Use this URL to cite or link to this record in EThOS: http://ethos.bl.uk/OrderDetails.do?uin=uk.bl.ethos.643412
Title: The clinical features and diagnosis of sporadic Creutzfeldt-Jakob disease in the United Kingdom, 1990-2002
Author: Cooper, S.
Awarding Body: University of Edinburgh
Current Institution: University of Edinburgh
Date of Award: 2005
Availability of Full Text:
Full text unavailable from EThOS. Please contact the current institution’s library for further details.
Abstract:
Aims of the study: To define circumstances where making a clinical diagnosis of sporadic CJD is potentially problematic, to explore ways of improving diagnostic accuracy and enhancing surveillance in these settings. Methodology: Clinically “atypical” cases of sCJD were defined according to specific criteria (young, long duration, certain focal features at onset) and identified by retrospective case-file review of all 485 pathologically proven cases (1990-2002). Comparisons were made with a consecutively selected “Core group” of “typical” sCJD (n=133). Results and conclusions: Twenty four per cent of all sCJD cases were “atypical”. For each “atypical” subgroup a distinct phenotype emerged. Long duration cases were associated with early depression and personality change, more psychiatric features and a genuinely slow progression (with infrequent cerebellar or extrapyramidal features) leading to relatively late notification to the NCJDSU. Amongst “atypical” cases (with the exception of pure visual onset cases) the electroencephalogram was diagnostically less sensitive and where positive was associated with genotype MM at codon 129 of the prion protein gene. Significant variation in genotype distribution was observed in long duration and cerebellar onset cases compared with Core sCJD. Nineteen per cent of sCJD cases were referred after autopsy, of these about one third were not diagnosed whilst alive and reasons for this are discussed. Alzheimer’s disease (AD) was the most likely alternative diagnosis in pathologically proven non-cases except when disease duration was less than six months, where paraneoplastic/neoplastic disease was commonest. The typical clinical phenotype of sCJD was sufficiently distinct to request neuropathological review on occasion, which resulted in a revision of the pathological diagnosis (from AD to AD plus sCJD) in one case.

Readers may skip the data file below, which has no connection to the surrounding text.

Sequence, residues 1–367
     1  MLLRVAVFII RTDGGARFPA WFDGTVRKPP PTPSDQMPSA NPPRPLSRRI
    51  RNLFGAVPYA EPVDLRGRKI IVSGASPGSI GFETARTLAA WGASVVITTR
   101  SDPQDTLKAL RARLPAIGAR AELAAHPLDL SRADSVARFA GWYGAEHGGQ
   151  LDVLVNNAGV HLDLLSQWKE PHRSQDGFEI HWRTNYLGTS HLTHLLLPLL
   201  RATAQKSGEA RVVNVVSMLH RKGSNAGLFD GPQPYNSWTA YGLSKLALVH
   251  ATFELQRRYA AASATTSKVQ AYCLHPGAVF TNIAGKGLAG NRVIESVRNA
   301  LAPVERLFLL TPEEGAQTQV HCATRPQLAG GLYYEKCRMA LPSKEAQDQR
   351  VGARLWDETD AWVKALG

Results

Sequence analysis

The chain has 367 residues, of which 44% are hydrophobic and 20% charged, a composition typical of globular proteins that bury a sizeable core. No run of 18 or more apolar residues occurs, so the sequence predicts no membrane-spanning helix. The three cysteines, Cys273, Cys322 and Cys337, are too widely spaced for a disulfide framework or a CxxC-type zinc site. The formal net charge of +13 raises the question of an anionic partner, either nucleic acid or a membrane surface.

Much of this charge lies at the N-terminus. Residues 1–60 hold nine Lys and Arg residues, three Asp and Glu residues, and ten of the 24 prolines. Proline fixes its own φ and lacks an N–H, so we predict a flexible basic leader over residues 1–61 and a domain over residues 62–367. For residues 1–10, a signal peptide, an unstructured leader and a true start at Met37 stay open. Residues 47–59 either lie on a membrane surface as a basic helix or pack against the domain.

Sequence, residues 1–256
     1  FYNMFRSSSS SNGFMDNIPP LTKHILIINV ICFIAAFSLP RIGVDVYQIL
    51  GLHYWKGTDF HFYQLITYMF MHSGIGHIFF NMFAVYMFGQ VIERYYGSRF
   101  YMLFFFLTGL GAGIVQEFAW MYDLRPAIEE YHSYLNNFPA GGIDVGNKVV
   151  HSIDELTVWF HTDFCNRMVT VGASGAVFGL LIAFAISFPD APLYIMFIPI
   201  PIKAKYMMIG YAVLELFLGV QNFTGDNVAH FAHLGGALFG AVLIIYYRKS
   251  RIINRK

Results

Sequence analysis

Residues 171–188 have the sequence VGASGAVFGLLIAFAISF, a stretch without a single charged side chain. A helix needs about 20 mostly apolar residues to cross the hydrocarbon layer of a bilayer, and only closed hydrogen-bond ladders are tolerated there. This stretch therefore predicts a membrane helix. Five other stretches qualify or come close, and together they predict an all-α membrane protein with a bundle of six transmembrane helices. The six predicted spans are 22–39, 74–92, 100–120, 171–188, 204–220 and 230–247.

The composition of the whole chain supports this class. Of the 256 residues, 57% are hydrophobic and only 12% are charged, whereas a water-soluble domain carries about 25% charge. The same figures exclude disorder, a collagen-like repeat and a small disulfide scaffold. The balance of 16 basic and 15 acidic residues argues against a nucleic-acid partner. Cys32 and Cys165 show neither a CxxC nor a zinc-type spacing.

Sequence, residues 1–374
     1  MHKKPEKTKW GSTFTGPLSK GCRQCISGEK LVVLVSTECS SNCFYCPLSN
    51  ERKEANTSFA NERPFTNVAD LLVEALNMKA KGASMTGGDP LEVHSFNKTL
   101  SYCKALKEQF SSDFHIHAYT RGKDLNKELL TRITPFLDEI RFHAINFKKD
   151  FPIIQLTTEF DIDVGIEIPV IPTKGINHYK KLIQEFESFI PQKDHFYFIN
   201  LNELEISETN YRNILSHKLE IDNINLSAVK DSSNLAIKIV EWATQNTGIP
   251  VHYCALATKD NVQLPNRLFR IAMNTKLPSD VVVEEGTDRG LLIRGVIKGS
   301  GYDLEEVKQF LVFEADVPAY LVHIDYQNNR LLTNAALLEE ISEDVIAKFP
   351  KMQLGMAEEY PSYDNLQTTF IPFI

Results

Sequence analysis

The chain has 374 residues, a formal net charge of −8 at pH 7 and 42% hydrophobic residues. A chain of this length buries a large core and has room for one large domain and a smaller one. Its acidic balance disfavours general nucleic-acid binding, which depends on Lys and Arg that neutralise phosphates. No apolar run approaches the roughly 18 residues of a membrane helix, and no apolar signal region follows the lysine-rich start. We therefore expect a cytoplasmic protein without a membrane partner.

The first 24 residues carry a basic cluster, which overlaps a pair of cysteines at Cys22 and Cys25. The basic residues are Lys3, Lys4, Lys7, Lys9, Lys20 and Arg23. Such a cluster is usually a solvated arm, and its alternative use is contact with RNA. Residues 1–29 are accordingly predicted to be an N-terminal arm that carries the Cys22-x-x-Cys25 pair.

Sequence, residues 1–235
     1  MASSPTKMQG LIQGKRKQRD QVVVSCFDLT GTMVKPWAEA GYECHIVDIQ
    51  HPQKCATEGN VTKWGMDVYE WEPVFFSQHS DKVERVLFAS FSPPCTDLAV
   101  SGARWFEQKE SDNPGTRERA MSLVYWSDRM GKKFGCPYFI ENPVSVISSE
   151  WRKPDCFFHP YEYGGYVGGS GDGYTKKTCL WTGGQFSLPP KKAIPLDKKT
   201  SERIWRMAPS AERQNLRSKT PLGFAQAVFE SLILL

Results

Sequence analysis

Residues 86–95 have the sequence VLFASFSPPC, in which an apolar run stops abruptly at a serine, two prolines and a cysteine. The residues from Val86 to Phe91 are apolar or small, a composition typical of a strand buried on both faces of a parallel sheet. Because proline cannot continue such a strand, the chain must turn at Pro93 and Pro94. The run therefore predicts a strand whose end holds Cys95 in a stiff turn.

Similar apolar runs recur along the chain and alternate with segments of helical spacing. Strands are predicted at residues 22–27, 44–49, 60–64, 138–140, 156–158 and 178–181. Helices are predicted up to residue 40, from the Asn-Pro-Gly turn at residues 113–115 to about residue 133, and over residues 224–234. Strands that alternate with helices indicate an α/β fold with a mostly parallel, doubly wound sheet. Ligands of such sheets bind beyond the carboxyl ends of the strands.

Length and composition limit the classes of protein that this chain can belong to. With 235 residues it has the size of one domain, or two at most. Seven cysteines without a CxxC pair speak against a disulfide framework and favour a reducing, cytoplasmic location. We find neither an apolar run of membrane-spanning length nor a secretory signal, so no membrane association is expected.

Supervisor: Not available Sponsor: Not available
Qualification Name: Thesis (M.D.) Qualification Level: Doctoral
EThOS ID: uk.bl.ethos.643412  DOI: Not available
Share: